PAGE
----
In a very basic sense then, what Salkic attempts extraordinarily well in The Shells is the record of a confession. It isn’t an easy confession, nor a simple one. To whom and about what he is confessing in the diegesis of the film remains opaque, though there is a sense that the unseen figure on the other side of the door is a close loved one, in any case. What Salkic’s confession really is is a soul-confession, what Salkic in other guises (as poet, as friend) has called soulessencia – a confession of the artist as child, as a bearer of witness to the world as it is, and as it could be.
I asked Salkic in a recent phone conversation how much of this on-screen work could be deemed performance in a way different to his previous films, and he took this question seriously even if he was careful to draw out differences between more commonly understood and practiced notions of performance as opposed to soulessencia. In this, I believe Salkic was attempting to draw out the paradoxes between inhabiting another vs the profound and difficult process of intensifying personal and collective truth through magnified screen presence, to which The Shells adds the further element of the spoken word uttered directly. When put in context with Salkic’s childhood in Bosnia and especially in dialogue with the experiences recounted in Karasevdah, this new directness proves revelatory.
Remarkably, none of the dense and involving monologues in The Shells were scripted in a traditional sense, Salkic claiming to write the entire film in his mind and thus committing it to memory, working in parallel on the imagined images and sounds concurrently. Salkic’s answer to my probing this was that his work of course was a kind of performance, but an attempt at performance as if for the first time or in a totalised way, pure cinema. This, I drew to the tradition of early silent cinema, Garbo and Lillian Gish, but which just as easily could be seen as the playacting of the child, something Salkic ruminates on at length in the film.
Ruminating on my own attachment to The Shells which exceeds that of even other of Salkic’s films dear to me (Konvent and Waiting for Sevdah most prominently), I thought about how the film proposes an unaffected gentleness, linked to Salkic’s complete innocence and transparency, which as mentioned I think has to do with the voice. Through the hypnotic exposure the film gives to it, one can’t help but see on Salkic’s face the landscape of his childhood. We thus see, at various points, child and man, snow and trees, brook and wind, the landscape of horror, bombs and screams but also the gentleness of touch. A gentleness that is all the more touching in a world wracked by the absence of it, where bombs and screams are the norm.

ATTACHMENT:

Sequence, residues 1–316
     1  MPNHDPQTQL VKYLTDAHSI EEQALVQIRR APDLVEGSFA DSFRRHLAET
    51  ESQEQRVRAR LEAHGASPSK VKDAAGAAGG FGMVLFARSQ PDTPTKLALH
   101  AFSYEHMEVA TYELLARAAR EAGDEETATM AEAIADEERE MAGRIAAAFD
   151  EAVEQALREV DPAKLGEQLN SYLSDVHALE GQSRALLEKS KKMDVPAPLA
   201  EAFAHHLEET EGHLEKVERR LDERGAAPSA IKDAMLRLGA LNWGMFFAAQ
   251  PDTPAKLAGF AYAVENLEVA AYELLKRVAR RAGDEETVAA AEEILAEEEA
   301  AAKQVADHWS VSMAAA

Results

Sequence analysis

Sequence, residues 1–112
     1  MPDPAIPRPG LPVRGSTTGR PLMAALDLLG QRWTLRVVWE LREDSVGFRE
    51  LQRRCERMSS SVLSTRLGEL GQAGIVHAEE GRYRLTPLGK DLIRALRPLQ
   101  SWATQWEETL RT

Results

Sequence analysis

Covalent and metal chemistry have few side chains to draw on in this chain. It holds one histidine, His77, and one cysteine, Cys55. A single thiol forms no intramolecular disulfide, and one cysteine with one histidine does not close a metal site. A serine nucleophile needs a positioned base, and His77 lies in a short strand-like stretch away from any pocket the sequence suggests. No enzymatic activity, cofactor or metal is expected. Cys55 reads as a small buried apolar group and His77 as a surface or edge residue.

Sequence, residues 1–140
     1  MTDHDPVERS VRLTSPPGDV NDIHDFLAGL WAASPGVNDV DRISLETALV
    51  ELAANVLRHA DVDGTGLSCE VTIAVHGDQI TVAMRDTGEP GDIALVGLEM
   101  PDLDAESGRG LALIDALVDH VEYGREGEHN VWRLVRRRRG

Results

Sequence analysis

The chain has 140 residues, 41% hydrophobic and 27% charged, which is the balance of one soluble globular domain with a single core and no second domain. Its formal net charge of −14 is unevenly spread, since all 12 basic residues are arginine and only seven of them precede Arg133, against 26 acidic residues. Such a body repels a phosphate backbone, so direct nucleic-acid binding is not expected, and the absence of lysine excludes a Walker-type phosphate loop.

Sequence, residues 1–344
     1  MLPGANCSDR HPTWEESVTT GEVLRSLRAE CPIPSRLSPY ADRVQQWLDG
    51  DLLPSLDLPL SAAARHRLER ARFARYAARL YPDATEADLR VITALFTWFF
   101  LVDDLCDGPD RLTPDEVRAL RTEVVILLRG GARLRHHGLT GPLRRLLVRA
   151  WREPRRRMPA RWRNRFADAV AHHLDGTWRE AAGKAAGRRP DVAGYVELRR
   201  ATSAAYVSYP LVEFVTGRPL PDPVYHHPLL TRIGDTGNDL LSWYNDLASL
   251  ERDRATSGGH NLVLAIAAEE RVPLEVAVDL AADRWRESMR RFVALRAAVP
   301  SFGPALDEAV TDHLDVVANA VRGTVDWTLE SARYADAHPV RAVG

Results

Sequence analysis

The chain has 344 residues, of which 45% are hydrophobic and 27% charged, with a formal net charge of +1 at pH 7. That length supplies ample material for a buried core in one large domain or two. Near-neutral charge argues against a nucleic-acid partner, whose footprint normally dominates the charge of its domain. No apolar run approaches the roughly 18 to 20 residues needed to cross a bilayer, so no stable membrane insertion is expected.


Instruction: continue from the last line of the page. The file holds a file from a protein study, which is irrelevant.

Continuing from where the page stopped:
I thought about tying this piece together with further reference to its images and sounds, to try and explain why I found a film made so simply, that seems constituted by nothing but itself, bound together by nothing but itself, so affecting. Like Salkic, I want to show you a door, a window, a face, a stretch of beach unknown yet familiar, in the knowledge that my words cannot be the equal of Salkic’s own, nor that the film needs anything other than itself in order to exist, even if less than a handful of people have yet seen it.
Instead, I want to live inside its hypnagogia, lull myself to sleep with it, wrap myself in it, encourage you to imagine my doing so, to imagine Saidin has a warm blanket and is waiting for you to ask him for it.
Saidin’s voice is in my eye, my eyes droop as I begin to type out what I hear from the film at 7:53 pm on a Sunday night. Saidin’s words are like the waves emanating from my earbuds —
Night comes slowly.
It is not in a rush.
It is like a gentle brush.
It knows that it must come.
It is assured of its coming.
That is what makes it so free from the anxious.
The whole of nature is like that.
Assured of its coming.
Of its patterns.
Maybe I should trust that too.
Maybe I should not be so worried for it, as sometimes I do.
Maybe I should walk back inside from the verandah
Have a cup of chamomile tea
Swim in the sea.
I could be in love.
I can be, again.
To those who wish to listen, the film sings a deep, plaintive song.
- Cehic, Ennis (2019), The Melancholia of Sevdah in Meanjin Quarterly, Spring 2019 ↩
- Le Cain, Maximilian, A Few Reflections on Manifesto of a Defeated Poet in Close Watch, November 2015 ↩